In the 17th -18th century, the great Sikh guru, Guru Gobind Singh set up a bureau and had a large number of Sanskrit texts translated into Punjabi.

In 18th century, major universities in Europe had chairs in Sanskrit and Sanskrit studies had come to enjoy immense prestige. As the century progressed, Sanskrit studies immensely shaped the European mind. All the major European minds of the 19th century were either Sanskritists or by their own admission had been deeply involved in Indian thought –Humboldt, Fichte, Hegel, Goethe, Schopenhauer, Kant, Nietzsche, Schelling, Ferdinand de Saussure, Roman Jakobson.

Translations in the British period

The British phase of translation into English culminated in William Jone’s translation of Kalidasa’s Abhigyana Shakuntalam.

The late nineteen eighties and nineties was an exciting period for the discipline of translation studies in India. Seminal writings like G N Devy, In Another Tongue: Essays on Indian English Literature (1993), Sujit Mukherjees’s Translation as Discovery and Other Essays on Indian Literature in English Translation (1994), Tejaswani Niranjana, Siting Translation: History, Post Strucuralism and the Colonial Context (1995), and many anthologies like Pramod Talgeri and Verman S.B (Editors) Literature in Translation from Cultural Transference to Metonymic Displacement (1988), A K Singh Edited, Translation: Its theory and Practice (1996), Dingwaney, Anuradha and Carol Maier (Editors) Between Language and Cultures: Translations and Cross Cultural Texts (1996), Tutun Mukherjee (Edited)Translation : From Periphery to Centre Stage (1998) and Susan Bassnett and Trivedi (Editors) Post Colonial Translation: Theory and Practice (1999) burst into the scene.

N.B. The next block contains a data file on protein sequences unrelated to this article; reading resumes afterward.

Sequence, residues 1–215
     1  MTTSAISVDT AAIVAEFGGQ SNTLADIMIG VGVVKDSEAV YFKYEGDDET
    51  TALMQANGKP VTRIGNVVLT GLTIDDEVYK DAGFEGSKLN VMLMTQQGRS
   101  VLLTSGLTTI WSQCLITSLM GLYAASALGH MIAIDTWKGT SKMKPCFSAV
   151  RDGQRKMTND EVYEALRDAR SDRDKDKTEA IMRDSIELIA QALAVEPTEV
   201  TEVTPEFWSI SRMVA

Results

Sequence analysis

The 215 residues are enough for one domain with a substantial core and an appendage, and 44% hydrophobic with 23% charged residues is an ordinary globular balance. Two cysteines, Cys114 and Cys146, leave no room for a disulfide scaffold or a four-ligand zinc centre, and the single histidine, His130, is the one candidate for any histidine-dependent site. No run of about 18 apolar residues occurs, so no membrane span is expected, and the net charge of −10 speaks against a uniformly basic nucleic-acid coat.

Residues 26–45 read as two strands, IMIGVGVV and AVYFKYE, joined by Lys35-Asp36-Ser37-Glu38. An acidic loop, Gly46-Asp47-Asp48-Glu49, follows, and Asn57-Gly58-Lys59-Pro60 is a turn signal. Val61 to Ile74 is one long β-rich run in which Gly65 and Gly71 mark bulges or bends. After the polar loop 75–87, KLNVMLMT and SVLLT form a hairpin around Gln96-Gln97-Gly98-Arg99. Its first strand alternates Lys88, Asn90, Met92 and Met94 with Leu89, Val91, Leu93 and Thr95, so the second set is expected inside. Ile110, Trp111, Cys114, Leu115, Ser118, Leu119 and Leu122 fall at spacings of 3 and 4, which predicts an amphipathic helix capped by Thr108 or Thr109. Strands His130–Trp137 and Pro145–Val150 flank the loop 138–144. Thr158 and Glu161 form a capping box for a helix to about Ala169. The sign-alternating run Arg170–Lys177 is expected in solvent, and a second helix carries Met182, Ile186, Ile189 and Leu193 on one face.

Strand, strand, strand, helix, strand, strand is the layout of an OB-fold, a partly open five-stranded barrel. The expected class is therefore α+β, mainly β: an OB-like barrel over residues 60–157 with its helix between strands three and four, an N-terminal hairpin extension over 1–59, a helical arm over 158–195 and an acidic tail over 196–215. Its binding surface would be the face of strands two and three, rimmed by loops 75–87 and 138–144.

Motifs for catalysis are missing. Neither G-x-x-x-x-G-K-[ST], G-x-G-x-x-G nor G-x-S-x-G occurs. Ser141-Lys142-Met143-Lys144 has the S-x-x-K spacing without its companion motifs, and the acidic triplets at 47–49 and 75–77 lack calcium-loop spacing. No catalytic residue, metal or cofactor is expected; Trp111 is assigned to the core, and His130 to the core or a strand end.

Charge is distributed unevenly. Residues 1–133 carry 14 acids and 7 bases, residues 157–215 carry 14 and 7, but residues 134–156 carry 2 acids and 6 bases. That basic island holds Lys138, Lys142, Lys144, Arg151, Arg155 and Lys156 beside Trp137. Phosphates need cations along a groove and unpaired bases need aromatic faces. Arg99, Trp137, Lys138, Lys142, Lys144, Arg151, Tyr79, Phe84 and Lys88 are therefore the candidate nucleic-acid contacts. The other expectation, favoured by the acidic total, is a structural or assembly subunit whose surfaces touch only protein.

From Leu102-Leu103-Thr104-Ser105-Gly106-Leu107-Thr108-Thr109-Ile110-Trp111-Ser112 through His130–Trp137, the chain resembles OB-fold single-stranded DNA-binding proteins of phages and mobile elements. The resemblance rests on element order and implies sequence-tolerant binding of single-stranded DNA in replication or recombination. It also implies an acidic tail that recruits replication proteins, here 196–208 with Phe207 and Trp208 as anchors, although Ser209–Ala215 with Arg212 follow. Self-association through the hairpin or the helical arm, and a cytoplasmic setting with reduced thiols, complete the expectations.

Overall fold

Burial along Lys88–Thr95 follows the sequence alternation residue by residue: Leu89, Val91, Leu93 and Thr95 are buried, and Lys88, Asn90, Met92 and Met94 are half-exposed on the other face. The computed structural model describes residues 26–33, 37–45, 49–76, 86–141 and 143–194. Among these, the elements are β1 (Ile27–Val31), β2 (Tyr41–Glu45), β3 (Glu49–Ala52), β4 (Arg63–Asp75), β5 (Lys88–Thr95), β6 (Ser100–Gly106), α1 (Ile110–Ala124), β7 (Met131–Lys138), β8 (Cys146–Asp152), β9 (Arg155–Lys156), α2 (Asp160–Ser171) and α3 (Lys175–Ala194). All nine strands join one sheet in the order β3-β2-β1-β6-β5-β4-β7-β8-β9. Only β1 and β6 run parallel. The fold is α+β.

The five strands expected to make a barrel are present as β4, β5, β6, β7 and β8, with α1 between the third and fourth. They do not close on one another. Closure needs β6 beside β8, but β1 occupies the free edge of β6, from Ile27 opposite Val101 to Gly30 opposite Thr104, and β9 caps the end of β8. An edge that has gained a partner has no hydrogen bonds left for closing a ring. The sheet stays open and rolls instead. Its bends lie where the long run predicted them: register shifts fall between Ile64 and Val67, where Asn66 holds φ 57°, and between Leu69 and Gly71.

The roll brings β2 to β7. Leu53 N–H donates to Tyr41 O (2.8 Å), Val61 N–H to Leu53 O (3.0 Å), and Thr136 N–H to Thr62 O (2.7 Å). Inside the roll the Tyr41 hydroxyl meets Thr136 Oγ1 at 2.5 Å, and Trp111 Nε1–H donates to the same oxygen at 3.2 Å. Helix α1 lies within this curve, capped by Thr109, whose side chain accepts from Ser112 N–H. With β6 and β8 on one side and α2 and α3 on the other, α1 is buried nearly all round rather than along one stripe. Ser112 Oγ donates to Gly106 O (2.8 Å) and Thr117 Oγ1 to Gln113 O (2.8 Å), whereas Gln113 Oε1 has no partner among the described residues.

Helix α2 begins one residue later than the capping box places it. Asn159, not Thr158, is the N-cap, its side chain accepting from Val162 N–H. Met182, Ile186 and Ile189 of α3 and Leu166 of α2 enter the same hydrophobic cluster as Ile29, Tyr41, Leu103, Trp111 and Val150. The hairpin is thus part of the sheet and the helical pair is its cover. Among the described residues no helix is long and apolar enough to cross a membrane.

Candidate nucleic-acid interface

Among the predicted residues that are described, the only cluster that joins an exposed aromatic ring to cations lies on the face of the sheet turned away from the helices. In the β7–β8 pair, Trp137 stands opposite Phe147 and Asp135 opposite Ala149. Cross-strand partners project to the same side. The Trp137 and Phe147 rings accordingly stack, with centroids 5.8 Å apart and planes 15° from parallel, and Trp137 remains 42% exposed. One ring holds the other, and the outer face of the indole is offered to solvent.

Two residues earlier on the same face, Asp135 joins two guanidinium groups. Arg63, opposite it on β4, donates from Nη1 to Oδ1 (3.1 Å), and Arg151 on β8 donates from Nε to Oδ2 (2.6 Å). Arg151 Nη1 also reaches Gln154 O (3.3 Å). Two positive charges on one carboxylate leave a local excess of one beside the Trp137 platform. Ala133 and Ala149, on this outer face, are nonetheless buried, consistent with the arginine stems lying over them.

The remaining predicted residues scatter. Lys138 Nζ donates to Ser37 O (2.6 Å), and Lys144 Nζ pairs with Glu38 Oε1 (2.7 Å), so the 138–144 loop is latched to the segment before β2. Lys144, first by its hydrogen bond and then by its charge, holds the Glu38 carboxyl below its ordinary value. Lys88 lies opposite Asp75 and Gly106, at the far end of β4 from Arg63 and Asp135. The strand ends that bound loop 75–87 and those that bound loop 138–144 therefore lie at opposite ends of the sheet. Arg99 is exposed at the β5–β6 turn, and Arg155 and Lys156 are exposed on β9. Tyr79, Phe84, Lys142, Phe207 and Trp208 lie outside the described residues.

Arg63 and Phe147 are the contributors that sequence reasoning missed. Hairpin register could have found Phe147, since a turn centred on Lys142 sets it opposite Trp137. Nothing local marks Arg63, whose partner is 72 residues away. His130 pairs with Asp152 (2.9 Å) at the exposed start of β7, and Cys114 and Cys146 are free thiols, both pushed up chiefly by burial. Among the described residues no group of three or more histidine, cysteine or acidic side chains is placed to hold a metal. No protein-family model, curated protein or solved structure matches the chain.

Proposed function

Translation of Malayalam works in English

The very foundation of Indian Literature is based on translations. India is a multilingual country. According to scholar G N Devy there are 780 languages spoken in India.